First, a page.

The public option is low cost private insurance and it’s only low cost to the payer because the gov’t can purchase larger ‘blocks’ and get a better deal than a single person.”
If you’re correct, I’ve been following this issue for several months and have never heard that the public option is really private insurance. In fact, I’m pretty sure you’re wrong on that, so I will call bullshit until you can show me. What I think you are getting it confused with are the private plans that will be sold through the exchange. Those will have standardized basic benefits, prices, and will be subsidized for lower income people. That is not the” public option.” The public option is a government plan, not really insurance, with benefits and prices designed by the government. Now the public option might be administered by a private company, in the same way that Tricare is administered by private insurance companies in different Tricare regions of the country, but it’s not a private insurance plan. If there is a public option and it is administered by private health insurance companies, which seems likely, the insurance companies still win!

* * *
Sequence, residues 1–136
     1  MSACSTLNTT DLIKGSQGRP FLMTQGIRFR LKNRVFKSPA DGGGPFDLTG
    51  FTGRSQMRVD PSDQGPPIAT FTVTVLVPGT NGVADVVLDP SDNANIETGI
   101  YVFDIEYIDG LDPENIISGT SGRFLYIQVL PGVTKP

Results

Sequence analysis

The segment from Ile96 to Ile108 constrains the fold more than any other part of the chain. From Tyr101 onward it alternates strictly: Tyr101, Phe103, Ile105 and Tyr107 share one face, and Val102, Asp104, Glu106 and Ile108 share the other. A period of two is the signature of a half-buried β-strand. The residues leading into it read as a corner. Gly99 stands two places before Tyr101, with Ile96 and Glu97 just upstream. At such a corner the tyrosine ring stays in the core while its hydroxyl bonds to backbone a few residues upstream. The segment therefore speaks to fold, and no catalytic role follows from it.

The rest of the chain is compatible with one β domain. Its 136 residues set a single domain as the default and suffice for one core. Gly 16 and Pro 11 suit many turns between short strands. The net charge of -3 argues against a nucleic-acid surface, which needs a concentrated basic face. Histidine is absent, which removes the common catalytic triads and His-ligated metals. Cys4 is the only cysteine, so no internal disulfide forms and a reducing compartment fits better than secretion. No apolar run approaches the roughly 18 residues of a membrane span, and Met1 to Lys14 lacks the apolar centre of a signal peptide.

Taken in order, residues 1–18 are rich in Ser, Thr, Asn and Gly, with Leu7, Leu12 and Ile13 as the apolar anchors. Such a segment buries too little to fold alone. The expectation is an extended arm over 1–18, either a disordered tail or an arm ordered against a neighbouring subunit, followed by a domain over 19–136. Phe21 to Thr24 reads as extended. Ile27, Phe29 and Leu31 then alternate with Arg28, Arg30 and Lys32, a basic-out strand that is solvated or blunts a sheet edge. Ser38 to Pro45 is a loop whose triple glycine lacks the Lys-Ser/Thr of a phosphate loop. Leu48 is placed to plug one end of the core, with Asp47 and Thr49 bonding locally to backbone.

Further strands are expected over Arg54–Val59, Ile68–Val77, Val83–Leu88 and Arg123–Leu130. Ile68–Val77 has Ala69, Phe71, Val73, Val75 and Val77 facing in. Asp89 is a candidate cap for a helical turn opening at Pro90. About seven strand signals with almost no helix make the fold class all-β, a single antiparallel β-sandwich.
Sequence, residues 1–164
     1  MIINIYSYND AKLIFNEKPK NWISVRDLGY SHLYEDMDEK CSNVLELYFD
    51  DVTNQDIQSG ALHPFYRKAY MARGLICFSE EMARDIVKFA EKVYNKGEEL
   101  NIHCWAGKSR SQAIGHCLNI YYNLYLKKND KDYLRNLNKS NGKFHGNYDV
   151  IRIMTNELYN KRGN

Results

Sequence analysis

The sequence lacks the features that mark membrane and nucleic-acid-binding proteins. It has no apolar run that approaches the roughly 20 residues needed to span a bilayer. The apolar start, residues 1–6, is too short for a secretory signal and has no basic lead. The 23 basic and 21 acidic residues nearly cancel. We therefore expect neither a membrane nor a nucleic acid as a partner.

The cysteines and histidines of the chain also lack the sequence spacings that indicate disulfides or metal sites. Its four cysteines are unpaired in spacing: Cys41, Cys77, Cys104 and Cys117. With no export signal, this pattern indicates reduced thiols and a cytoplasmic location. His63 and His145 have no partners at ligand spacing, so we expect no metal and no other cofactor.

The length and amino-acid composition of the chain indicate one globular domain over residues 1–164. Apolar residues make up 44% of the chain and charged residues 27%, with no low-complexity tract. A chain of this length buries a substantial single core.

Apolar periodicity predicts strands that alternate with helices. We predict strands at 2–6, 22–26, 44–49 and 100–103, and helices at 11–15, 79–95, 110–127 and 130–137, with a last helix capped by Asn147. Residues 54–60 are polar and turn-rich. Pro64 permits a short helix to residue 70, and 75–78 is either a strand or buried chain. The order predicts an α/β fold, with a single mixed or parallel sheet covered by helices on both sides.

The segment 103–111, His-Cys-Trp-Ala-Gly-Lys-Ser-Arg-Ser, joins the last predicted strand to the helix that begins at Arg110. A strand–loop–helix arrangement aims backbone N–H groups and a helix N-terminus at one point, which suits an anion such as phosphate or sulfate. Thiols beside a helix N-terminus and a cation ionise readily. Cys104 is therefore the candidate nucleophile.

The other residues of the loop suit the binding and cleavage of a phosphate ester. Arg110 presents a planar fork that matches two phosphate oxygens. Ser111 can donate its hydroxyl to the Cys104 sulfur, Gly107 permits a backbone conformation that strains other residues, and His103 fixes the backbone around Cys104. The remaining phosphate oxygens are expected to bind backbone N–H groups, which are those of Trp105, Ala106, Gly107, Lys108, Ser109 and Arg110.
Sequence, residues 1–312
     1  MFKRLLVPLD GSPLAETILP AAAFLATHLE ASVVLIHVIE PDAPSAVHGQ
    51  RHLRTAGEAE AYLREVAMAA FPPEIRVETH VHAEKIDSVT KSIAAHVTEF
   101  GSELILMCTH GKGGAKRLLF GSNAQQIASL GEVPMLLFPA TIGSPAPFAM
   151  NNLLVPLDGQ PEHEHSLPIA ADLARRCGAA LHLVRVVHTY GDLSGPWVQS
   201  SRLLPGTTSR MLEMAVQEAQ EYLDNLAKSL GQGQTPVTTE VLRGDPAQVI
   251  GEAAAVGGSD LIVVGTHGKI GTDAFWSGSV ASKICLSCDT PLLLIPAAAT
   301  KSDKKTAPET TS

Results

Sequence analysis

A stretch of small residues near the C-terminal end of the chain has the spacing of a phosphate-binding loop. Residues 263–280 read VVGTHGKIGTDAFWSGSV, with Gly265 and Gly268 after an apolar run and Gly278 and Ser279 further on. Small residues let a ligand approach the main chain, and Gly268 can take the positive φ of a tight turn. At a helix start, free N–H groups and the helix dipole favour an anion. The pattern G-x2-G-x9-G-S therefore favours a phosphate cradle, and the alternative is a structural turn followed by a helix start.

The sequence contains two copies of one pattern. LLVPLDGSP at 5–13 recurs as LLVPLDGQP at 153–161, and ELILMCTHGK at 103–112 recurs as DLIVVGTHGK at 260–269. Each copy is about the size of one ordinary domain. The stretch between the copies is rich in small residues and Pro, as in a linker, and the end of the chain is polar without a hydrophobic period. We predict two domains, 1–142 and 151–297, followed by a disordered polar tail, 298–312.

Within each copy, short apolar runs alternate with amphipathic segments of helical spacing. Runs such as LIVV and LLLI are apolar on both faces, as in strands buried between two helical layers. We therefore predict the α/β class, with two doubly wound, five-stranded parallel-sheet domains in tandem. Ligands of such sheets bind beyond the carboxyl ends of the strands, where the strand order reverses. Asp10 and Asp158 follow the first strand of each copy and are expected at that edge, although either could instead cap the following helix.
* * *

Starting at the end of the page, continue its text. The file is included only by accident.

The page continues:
So one if us is really, really wrong on our understanding of what the public option is. As long as we have been going over this issue, that’s pretty damn funny. I don’t care who ya are…
Now I couldn’t help but notice this:
“…healthcare companies pass the buck and raise the price while you cheer them on.. whether it’s because they are exempted under anti-trust laws or any other law doesn’t matter..”
I have not been exactly “cheering on” the health insurance companies while they raise prices. Seeing as I’ve been in the middle of open enrollment at work, I find any cheers quite muted. I’m trying to recall the last time I cheered price increases by health insurance companies in general and my health insurance in particular… let’s see, there was that time… no…how about… oh no…
I guess no. No cheers from me.